The secret lives of teens
Over the last couple years, my husband and I have taken it upon ourselves to introduce our 15-year-old to some of things we loved when we were teenagers.
Call it a walk down nostalgia lane. We’ve had many a Friday night listening to music, hopping around Spotify to find our favorites. Inevitably, it always returns to the ’80s.
My son, who plays guitar, loves most of it. (Of course when it ends up at Spandau Ballet, he’s suddenly nowhere to be found).
I’d been looking forward to watching all of the John Hughes classics with him: We laughed through Ferris Bueller. I cringed a bit during Sixteen Candles. And I felt his shock at the sadness he felt after watching The Breakfast Club.
It all got me thinking about how rebellious behavior and teens have often shared the spotlight over the years.
Were the pressures we felt as teens — the things we wanted to hide from our parents — the same as what my son goes through today?
Technology changes the game
It can be hard not to have a bit of trepidation as we circumnavigate the teen years. Technology definitely adds another dimension to the child-rearing experience. We’re bombarded with the negative effects of our phones — terrible accidents caused by texting and driving, cyberbullying and sexual images that can be sent across the globe.
I’ve tried to follow all of the advice out there to communicate these concerns.
I don’t text and drive. I hand the phone to whichever kid is in the front seat next to me, and I dictate my reply. My 15-year-old son gets rides from friends and is learning to drive himself, so he’s watching me.
I ask when he private messages friends to pretend their parents are sitting right over their shoulders reading what comes in.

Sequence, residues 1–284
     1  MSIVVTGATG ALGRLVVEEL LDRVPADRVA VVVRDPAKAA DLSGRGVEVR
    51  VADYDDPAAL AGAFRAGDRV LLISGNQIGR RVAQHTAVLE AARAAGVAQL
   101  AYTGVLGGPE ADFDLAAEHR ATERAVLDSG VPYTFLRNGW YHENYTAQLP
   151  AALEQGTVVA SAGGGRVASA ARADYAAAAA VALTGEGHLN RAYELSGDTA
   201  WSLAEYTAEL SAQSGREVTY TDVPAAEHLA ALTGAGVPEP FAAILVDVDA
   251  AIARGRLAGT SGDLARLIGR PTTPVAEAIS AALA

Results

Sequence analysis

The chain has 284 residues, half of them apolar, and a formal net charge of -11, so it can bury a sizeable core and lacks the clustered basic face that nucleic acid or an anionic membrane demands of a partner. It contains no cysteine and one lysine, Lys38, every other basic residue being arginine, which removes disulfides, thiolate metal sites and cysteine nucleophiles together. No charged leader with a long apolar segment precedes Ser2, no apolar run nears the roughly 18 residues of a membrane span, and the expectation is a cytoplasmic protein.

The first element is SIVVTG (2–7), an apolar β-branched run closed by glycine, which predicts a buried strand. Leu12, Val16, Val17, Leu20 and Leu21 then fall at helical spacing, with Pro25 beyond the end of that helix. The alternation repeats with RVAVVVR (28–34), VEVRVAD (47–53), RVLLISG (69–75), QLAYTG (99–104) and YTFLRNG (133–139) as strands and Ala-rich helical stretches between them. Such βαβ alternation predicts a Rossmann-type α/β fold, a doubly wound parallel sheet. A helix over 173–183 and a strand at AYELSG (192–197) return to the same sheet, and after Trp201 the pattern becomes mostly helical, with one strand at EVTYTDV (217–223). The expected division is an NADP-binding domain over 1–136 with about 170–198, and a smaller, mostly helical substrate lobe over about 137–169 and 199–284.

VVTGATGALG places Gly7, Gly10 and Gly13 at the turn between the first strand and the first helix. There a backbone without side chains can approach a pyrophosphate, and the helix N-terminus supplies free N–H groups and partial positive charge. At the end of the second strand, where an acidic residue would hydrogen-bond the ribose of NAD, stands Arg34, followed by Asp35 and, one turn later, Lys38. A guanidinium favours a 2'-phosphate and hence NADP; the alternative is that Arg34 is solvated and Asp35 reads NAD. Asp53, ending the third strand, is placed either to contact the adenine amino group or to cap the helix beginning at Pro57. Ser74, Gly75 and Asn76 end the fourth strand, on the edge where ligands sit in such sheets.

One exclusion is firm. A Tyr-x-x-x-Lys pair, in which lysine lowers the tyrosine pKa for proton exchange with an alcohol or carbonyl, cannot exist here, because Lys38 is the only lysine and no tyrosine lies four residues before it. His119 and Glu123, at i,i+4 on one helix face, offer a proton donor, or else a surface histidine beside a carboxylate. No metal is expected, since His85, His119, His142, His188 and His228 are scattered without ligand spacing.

I’ve warned him if he gets a questionable image to delete it immediately and not share it with anyone.
But what if we were to actually ask what they’ve been exposed to on their phones? That’s a whole other scary conversation.
Drugs, sex and rock ’n’ roll
We all know what we were exposed to. How do we start these awkward conversations with our teens?
We want to be relatable to our teens. I think we have the mindset that if we seem more open to things then maybe they’ll be more open to share.
I’m pretty lucky. My firstborn is a chatterbox. He gladly shares the details of his day with me. He talks about funny conversations with friends and teachers. But he’s still a teen figuring out what’s safe to share with us and what isn’t.
Out of nowhere the other day, he talked about how a girl asked him if he wanted to “vape” (e-cigarette) when they were sitting at the back of class. He told her no. He couldn’t believe she just pulled it out of her bag in the open.
But he didn’t tell me that day. It sort of worked its way out on its own. I was glad to be able to tell him good job on saying no to something he wasn’t comfortable with.
Jumping into the fray
More recently, we saw an alarming text from a friend on his phone.
Yes, we spot-check his phone to see what’s going on. In most cases it’s innocent, but this text seemed more like a cry for help: I felt obligated to call the parent directly, given the situation.
Instead of getting upset with me, like he could have, my son actually felt relieved, I think.
So we worry sometimes, we lecture sometimes, we give space sometimes and sometimes we get nosy. We remind our teens that we’re here for them.
For our family, it helps, I think, to sing our hearts out to old music — letting our old adolescent emotions fill the room and intertwine with our teen.
Jennifer Wizbowski is a freelance writer who — if she isn't driving her kids around — is likely reading a book, or walking her dog. She lives in Excelsior with her husband, daughter and son, ages 12 and 15. Send comments, questions and story ideas to firstname.lastname@example.org.